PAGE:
- Registration time
- Last login
- Online time
- 81 Hour
- Reading permission
Living in a small town, I was annoyed by peddlers’ shouting as well as butchers’and groceries’ smells. Therefore, ever since my childhood, fresh and peaceful atmosphere in countryside was my dream. That was why I was longing for visiting grandma’s village and considered it as my paradise. As soon as I got the visiting forecast, I immediately counted down the coming days with my fingers. The excitement really was no less than village children to down town for movie or sightseeing. |
My grandma was my mam’s stepmother. She got two daughters again for my grandpa after her remarriage. Perhaps, it's the tough nature for stepparents to satisfy their adopted young ones or due to her occasional negligence to settle a conflict; we strongly felt the estrangement between my mother and my grandma, even though, nothing happened to them before. Therefore, when we talking about her, we never forgot to add some modifications, such as “step-grandma”, “the second grandma”, “latter grandma” etc..
“Oh, my daring! my heart! my honey! It is so nice to see you here!” grandma was excited by our visit and always rushed at the dinning hall to meet me with her fingers combing her messy and gray hair. To such laud and fervent welcome, I shouldn’t have any suspicion, however, I was so deeply affeced by the story of “wolf grandma”, that I never came out from its shadow, and always considered her any action as on purpose.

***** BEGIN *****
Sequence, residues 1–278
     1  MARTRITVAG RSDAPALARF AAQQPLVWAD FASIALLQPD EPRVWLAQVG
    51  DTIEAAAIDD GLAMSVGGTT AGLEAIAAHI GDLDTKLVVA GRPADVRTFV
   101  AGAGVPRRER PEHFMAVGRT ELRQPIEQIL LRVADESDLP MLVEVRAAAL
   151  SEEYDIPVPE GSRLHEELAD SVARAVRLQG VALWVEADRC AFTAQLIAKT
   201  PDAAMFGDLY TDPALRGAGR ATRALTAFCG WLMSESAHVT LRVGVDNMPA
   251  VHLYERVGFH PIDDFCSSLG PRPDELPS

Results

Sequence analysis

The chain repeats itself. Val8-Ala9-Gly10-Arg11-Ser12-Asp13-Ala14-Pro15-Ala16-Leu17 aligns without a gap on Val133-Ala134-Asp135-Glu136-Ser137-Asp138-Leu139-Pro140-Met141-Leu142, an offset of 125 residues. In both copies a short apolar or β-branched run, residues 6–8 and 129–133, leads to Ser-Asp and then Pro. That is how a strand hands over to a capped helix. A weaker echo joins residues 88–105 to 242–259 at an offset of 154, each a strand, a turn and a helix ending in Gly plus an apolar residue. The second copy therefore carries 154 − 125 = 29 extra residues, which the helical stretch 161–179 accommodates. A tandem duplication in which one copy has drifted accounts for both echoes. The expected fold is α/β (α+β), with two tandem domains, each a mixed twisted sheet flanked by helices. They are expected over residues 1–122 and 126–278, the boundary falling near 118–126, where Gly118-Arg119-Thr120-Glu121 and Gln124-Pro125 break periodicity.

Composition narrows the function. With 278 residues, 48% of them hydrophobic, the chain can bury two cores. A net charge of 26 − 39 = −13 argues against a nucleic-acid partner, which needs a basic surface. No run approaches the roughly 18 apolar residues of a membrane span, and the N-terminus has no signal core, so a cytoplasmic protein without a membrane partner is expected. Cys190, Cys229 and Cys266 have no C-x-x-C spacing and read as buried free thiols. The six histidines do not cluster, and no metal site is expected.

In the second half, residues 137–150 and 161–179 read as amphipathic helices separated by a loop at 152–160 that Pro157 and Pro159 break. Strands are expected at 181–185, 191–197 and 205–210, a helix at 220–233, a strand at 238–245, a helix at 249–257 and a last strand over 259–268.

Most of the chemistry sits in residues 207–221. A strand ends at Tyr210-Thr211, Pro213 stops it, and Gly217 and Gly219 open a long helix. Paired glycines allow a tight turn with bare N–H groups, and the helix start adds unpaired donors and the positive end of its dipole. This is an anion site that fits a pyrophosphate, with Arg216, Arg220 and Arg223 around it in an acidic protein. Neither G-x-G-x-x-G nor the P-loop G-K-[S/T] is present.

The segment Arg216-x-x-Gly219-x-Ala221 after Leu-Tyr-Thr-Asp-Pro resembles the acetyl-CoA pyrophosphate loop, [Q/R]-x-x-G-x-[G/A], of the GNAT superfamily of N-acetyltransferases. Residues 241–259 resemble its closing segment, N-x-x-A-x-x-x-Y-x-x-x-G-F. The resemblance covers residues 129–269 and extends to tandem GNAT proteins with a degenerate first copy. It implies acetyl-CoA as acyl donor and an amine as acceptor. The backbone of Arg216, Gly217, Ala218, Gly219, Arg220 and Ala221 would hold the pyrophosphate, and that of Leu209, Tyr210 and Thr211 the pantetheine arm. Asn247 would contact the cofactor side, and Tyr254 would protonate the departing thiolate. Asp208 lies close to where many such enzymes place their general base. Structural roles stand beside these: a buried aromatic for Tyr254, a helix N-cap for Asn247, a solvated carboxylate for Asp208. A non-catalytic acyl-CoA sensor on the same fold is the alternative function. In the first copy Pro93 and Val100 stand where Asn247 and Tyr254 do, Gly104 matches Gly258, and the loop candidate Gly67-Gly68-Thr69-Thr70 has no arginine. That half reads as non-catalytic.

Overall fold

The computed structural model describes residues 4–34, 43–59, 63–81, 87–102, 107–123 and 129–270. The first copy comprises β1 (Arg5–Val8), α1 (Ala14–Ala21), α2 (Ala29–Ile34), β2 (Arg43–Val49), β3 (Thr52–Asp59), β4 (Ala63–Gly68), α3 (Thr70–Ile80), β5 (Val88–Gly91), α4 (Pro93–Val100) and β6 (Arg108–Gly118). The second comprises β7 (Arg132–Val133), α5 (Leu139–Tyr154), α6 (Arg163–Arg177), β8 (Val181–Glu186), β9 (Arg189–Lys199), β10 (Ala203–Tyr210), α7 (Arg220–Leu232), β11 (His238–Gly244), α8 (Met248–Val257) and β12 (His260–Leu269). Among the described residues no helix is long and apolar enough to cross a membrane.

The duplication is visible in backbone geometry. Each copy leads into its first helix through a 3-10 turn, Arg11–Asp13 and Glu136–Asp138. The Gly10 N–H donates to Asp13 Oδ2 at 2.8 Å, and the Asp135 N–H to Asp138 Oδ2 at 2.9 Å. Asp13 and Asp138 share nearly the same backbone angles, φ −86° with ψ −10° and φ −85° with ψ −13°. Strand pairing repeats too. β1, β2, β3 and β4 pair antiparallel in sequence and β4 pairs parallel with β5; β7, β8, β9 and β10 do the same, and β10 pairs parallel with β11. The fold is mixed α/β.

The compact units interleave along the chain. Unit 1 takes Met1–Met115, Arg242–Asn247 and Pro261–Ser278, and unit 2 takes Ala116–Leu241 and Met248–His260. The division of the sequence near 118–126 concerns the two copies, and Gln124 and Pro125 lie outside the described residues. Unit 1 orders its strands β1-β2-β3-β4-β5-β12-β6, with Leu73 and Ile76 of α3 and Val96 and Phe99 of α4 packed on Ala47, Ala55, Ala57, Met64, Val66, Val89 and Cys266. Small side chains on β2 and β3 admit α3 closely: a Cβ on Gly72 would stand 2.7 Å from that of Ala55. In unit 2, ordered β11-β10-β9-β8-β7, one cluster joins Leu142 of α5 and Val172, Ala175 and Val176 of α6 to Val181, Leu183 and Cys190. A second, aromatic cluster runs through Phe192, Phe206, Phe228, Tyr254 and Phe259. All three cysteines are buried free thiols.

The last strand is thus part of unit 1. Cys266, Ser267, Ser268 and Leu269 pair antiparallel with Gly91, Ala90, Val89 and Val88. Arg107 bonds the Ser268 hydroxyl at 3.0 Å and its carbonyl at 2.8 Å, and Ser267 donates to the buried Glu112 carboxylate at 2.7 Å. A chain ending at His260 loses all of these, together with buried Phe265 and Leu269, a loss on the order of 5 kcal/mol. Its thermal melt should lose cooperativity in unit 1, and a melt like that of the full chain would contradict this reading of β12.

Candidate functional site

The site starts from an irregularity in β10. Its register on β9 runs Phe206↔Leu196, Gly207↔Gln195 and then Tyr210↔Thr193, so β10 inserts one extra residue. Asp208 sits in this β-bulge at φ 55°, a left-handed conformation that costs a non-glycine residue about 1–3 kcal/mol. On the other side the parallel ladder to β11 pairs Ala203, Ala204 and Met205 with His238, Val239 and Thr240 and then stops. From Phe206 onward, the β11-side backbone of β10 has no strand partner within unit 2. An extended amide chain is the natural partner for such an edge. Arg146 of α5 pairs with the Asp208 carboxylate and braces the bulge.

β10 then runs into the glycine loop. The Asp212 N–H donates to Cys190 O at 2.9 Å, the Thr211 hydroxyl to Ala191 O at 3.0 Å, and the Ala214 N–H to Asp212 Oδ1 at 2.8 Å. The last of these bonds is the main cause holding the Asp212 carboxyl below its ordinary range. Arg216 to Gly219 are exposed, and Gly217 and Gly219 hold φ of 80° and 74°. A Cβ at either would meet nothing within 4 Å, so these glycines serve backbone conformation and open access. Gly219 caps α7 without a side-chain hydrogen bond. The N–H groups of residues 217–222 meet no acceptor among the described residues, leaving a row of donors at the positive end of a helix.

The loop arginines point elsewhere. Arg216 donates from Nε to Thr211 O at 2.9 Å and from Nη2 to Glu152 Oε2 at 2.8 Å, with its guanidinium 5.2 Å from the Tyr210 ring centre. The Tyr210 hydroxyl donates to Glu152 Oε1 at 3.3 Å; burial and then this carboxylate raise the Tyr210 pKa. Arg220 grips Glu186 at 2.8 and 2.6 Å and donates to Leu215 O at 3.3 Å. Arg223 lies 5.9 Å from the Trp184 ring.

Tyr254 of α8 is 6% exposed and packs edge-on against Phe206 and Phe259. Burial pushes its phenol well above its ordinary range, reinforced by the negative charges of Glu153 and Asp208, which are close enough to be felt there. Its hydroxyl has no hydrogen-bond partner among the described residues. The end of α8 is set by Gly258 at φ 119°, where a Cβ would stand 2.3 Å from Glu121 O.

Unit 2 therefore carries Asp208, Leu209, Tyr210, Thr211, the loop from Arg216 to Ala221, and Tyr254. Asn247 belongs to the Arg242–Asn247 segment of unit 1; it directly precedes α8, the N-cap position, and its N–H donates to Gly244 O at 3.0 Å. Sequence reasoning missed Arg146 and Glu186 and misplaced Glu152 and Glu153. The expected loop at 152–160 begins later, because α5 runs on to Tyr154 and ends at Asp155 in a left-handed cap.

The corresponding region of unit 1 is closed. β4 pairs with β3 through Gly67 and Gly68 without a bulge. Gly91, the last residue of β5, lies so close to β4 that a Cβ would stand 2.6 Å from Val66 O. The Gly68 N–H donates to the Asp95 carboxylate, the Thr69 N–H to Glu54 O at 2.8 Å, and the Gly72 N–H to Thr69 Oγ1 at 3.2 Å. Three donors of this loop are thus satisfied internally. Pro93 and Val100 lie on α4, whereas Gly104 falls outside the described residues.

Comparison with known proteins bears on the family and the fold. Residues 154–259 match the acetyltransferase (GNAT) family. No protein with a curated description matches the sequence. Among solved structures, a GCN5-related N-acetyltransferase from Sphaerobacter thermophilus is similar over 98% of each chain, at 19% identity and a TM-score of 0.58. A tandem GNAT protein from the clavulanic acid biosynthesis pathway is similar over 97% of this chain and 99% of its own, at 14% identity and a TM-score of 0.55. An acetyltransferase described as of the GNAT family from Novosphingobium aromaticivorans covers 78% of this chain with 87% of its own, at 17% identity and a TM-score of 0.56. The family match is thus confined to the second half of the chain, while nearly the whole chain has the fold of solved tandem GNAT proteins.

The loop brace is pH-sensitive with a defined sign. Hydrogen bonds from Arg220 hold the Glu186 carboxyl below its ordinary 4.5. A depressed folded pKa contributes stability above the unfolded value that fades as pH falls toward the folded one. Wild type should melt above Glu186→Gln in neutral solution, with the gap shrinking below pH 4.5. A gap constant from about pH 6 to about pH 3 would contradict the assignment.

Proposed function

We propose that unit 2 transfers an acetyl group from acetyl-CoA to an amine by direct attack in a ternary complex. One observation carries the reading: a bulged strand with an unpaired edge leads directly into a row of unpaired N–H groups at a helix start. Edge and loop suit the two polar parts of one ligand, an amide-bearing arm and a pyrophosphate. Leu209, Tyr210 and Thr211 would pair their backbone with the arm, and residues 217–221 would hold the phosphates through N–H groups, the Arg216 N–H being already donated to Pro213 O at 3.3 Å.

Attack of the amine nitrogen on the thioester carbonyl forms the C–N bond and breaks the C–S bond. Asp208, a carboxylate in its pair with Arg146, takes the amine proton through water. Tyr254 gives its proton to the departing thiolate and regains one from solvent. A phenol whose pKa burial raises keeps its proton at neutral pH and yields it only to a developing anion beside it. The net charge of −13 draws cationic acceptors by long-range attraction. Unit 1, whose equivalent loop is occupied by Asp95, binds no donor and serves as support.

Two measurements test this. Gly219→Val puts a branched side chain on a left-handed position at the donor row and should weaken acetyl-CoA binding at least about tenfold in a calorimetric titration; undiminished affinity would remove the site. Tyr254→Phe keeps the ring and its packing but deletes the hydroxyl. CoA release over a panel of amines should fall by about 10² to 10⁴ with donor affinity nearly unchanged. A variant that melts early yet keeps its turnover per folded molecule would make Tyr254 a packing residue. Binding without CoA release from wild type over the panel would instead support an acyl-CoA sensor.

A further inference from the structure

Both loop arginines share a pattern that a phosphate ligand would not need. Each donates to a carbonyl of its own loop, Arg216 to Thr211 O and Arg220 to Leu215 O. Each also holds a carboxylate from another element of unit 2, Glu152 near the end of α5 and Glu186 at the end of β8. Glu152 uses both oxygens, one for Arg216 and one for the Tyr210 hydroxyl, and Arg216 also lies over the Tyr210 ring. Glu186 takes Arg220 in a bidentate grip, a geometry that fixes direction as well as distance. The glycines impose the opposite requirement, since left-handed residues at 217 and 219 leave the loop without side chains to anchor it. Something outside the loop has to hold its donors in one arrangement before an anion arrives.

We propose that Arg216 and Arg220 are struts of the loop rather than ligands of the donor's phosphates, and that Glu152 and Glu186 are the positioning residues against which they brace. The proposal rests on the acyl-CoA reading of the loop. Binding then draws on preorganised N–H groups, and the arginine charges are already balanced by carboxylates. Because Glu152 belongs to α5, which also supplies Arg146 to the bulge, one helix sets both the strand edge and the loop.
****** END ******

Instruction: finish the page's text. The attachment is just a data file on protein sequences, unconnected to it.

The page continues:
“Grandma,” I faltered to her with an obvious reluctance. Then, passed her my gift bucket and run away from her house, just like a gust of wind, to find my cousins.
My cousins were very happy for our reunion at all time. The most ceremonious reception was to share a countryside practice, ride on cultivating buffalos.
“Wenzili, Wenzili, we are coming!” a cheerful hail together with a herd of massive and muddy buffalos toward to me, where my friends were brandishing reins and galloping on. Some excited fellows even lashed up the beasts’ tails loudly. The immediate reaction was the buffalos’ madly running, which caused me a great scaring. They scattered to surround me and took no care to my panic. By sudden rein-tightening, the buffalos were askew heads and howling to me for my unexpected coming. I was very frightened and almost cried out. On the contrary to my cowardice, my friends agilely grounding from the backs and emulatively passed their reins to me, just as swift as a herd of groundhogs. They eagerly want me to ride on their “sedans” and scooting around. Facing on the dirty and unattainable beasts, I had no idea, but manage to hide my scaring.